Contact: Ryan Wallace
William Oliver’s Publick House
2608 S. Timberline Rd #108
Fort Collins, CO 80525
For Immediate Release
William Oliver’s tipping policy to be changed again.
Fort Collins, CO, January 1, 2017: William Oliver’s is removing the “no tipping” policy that has been in place since September 2015 in favor of what is being called a hybrid-tipped-employee model. The change is effective starting January 1st, 2017, and does not impact other benefits currently offered which are; paid-time-off, matching 401k retirement plan, health benefits, life insurance, and bonuses.
With the passage of Amendment 70, minimum wage is set to increase 44% by 2020 (or 70% for tipped employees). William Oliver’s has never paid minimum wage but always uses it as a “measuring stick” to know if the base wages are good. Every time there has been an increase in minimum wage, William Oliver’s has offered a comparable increase to its employees, even though they are already paid above the minimum threshold. William Oliver’s is unable to provide a comparable increase in 2017, which will result in an effective pay decrease because comparative buying power is diminished.
“When amendment 70 goes into effect our employees will effectively receive a pay decrease if we do not raise their wages. Do to increased premiums and payroll taxes, we simply cannot afford to raise our employee salaries any more than we already have. The only way for them to retain high wages will be through a tipping-model”, said Ryan Wallace, owner of William Oliver’s.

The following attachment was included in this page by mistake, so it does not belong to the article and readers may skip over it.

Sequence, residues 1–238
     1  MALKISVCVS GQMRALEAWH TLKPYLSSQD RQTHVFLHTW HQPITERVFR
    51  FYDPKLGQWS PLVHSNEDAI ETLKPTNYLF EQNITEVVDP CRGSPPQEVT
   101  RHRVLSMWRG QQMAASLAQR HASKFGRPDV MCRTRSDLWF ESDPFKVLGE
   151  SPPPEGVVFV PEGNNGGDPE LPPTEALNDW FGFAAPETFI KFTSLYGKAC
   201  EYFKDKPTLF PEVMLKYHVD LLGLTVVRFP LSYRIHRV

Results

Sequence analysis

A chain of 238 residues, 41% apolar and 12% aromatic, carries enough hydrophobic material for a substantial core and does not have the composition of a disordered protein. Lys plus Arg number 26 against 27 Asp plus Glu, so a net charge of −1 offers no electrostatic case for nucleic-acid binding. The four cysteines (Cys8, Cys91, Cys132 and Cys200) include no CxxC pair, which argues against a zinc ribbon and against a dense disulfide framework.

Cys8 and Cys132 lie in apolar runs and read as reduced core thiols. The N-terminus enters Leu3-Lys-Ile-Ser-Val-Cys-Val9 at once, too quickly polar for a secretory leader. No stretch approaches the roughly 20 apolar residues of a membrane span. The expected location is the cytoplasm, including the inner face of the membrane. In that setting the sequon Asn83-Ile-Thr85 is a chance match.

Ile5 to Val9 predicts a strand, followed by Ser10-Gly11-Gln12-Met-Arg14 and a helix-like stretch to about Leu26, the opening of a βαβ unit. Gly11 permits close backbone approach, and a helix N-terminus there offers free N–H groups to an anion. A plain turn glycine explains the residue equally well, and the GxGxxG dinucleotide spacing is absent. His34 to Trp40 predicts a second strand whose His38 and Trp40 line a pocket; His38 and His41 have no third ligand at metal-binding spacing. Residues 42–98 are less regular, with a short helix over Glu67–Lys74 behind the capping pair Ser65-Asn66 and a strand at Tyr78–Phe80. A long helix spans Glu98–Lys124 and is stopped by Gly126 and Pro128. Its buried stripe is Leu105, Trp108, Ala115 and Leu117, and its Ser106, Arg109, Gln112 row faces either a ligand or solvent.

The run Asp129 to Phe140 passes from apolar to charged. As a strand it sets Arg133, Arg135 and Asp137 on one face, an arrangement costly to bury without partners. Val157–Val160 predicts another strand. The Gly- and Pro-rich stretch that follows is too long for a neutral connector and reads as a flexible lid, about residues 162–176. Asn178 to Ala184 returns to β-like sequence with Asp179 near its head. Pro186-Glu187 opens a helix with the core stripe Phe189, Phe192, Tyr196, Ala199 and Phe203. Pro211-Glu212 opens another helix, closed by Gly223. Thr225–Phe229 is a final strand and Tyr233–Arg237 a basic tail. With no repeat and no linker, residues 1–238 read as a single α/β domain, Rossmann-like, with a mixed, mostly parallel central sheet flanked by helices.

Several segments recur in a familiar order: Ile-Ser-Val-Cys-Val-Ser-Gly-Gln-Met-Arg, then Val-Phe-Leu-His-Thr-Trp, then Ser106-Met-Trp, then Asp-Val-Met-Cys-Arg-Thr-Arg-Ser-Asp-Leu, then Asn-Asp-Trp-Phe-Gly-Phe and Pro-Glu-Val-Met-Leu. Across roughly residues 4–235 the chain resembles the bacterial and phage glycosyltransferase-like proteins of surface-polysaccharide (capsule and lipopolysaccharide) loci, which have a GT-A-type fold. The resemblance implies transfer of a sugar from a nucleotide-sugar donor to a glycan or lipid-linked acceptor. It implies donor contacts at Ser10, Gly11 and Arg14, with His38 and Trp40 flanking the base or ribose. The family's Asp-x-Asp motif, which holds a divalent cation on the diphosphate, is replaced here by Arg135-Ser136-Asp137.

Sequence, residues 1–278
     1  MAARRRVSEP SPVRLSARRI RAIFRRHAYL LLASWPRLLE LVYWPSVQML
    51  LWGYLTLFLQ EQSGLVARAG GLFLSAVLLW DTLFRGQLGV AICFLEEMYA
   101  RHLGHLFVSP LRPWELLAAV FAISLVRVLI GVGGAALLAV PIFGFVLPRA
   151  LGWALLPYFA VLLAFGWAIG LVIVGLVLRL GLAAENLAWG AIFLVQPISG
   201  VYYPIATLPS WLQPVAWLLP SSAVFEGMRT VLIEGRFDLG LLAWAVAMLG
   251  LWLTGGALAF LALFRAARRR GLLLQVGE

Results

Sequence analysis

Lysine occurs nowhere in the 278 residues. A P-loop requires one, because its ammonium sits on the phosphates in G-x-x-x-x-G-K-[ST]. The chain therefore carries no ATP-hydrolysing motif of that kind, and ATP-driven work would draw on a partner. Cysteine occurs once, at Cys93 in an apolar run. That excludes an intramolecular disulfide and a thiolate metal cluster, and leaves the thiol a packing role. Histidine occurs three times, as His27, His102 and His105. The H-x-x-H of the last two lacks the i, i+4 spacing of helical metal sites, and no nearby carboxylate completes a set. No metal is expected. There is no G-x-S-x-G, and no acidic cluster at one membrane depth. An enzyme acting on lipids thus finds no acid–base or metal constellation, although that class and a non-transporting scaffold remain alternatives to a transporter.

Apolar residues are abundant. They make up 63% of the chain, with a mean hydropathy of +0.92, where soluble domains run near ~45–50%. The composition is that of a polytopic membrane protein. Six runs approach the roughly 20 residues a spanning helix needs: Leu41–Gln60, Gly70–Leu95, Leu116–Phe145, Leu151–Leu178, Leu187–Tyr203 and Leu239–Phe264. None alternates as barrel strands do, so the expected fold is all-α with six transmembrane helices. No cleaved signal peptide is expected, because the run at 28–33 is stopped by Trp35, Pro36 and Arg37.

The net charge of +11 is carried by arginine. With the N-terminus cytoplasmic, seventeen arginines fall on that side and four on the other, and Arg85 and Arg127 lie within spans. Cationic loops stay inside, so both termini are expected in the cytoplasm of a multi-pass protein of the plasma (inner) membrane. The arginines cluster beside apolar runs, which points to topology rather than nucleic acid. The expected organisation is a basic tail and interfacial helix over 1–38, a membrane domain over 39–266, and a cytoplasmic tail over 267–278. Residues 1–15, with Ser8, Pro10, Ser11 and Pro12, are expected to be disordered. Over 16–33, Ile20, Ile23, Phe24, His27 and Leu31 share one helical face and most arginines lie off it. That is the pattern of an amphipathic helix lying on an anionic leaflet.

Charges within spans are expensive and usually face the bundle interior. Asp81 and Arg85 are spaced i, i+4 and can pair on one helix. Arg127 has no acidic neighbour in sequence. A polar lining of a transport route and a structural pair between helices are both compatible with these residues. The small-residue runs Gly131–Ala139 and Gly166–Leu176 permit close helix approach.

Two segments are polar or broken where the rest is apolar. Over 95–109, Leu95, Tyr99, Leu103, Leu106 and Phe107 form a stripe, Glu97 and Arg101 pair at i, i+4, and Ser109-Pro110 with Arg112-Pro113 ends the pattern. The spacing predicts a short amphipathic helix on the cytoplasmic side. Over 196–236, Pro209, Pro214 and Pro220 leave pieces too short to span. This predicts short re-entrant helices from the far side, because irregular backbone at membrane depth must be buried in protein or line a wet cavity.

An increase to hourly pay comes with higher payroll taxes and increased workers compensation insurance premiums. When William Oliver’s removed tipping the increased insurance premiums and payroll taxes cost the business an additional $25,000 annually (approximately), not counting the increase in payroll itself. Any additional increase to employee wages cannot be achieved if associated costs will increase similarly again. Additionally, by switching to a no-tipping model the business lost the IRC 45 B federal tax credit.
William Oliver’s attempted to address these issues in June of 2016 with the Governor of Colorado; however, the request for a meeting was not granted. “We were hoping that being early-adopters of a program to provide living wages would mean the government would seek out our advice; to learn from the hurdles we had already jumped. However, the response received from the Governor’s office made it clear that they were not interested in having an engaged discussion”, said Wallace.
Employees at William Oliver’s will still receive wages higher than the minimum; however, adopting a hybrid model will ensure a quality of life commensurate with the current levels. The hybrid-model, which provides well-rounded benefits and higher-than-minimum wages for all full-time employees, is still relatively unique in the food and drink industry.
“The no-tipping model was a good run and one I am very proud we attempted”, said Wallace, “and we hope it is something we can return to in time once the government has had a chance to better understand the impacts to small businesses. However, the additional costs associated with insurance and taxes are already high. Taking care of our employees is our most important goal, but the business cannot pay them higher than current wages without a modification to existing rules and regulations.”